“I don’t really see us having a head coach,” Kyrie Irving previously said after the Nets hired Steve Nash to take over at the helm, Brooklyn’s guard then continuing to share how it was a “collaborative effort” with Kevin Durant and himself.
No head coach? Yeah, it certainly looked that way throughout Brooklyn’s four-game playoff series against the Boston Celtics, as Ime Udoka and company put the finishing touches on a first-round masterpiece Monday at Barclays Center.
In a series in which the Celtics held a number of advantages, Udoka and the coaching staff may have given Boston it’s biggest one. Udoka, who first set the tone by not avoiding Brooklyn, then completely pantsed Nash and the superstar-led Nets, and it was on display for all to see.
“Just Ime, man. His attention to every little detail,” Marcus Smart said after Monday’s series-ending victory, per Celtics reporter Keith Smith. “His attention to game planning. Every game plan he had for us put us in the right spot.”
Jayson Tatum added of Udoka: “I’m glad we got him.”
Udoka’s biggest contribution came in devising a way for the Celtics to shut down Nets superstar Kevin Durant. The versatile, switch-heavy Celtics defense made it clear from the jump that all eyes would be on Durant. Whether it was Tatum, Grant Williams or someone else, the C’s brought a physicality that the 6-foot-10, 240-pound scorer didn’t seem to appreciate and it limited Brooklyn’s best player from ever getting into a rhythm. Durant couldn’t best Boston’s hard-nosed defensive group while his best effort in Game 4 proved too little and far too late.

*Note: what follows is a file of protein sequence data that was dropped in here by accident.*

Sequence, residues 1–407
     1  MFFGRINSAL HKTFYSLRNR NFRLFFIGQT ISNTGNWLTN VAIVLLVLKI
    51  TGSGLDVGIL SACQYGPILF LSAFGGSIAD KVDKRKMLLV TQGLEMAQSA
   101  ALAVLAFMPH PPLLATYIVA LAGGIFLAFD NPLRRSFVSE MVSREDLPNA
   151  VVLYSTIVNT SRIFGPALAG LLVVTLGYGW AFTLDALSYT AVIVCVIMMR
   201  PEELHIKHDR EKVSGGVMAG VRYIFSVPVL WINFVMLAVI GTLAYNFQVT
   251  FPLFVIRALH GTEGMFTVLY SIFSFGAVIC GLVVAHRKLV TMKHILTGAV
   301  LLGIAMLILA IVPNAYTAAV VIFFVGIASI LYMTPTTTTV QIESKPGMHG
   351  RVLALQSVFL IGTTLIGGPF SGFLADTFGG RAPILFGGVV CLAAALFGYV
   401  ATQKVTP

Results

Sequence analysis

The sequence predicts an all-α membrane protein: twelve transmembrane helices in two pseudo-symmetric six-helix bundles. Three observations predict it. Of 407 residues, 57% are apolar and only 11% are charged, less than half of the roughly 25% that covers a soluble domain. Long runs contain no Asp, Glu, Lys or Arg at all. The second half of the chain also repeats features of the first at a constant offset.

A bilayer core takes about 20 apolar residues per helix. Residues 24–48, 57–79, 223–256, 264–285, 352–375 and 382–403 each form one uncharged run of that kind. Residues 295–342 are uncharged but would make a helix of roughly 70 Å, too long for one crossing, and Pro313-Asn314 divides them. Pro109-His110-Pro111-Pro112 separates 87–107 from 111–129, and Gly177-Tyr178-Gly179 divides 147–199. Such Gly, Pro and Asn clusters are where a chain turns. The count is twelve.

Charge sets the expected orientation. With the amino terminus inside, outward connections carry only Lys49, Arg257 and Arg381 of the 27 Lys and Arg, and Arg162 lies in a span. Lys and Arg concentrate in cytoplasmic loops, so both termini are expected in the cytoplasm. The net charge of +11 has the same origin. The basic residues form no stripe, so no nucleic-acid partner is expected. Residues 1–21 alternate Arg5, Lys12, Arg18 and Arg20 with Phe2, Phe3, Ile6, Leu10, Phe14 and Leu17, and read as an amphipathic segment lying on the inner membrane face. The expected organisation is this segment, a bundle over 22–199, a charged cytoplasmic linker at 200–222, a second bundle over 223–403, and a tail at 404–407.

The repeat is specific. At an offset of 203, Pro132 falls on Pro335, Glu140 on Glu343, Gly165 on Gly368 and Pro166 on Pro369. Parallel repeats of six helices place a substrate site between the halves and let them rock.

Nash and the Nets, almost incredibly, never adjusted. The best Brooklyn looked offensively came in the second half of Game 4 with Durant, Irving and the Nets finally attacking the paint all while veteran Blake Griffin found teammates for open looks. Why did that take so long? Who knows. But, again, too little and far too late.
“Give credit to the Celtics, first off. They’re an incredible team,” Durant said, as seen on NBC Sports Boston. “They were just a better team.”
And while Udoka ultimately turned the Celtics’ defense into the team’s biggest advantage, his well-established focus on ball movement, which Tatum, Smart and the rest of the group bought into during Boston’s remarkable turnaround, helped average just shy of 26 assists per contest. The Celtics out-assisted the isolation-heavy Nets 77-61 during the first three game with a clear edge (27-16) during a pivotal Game 2.
All told, coaching clearly was among the biggest differences in Celtics-Nets, and Brooklyn’s lack of buy-in from its superstars may have inadvertently hinted at that long ago.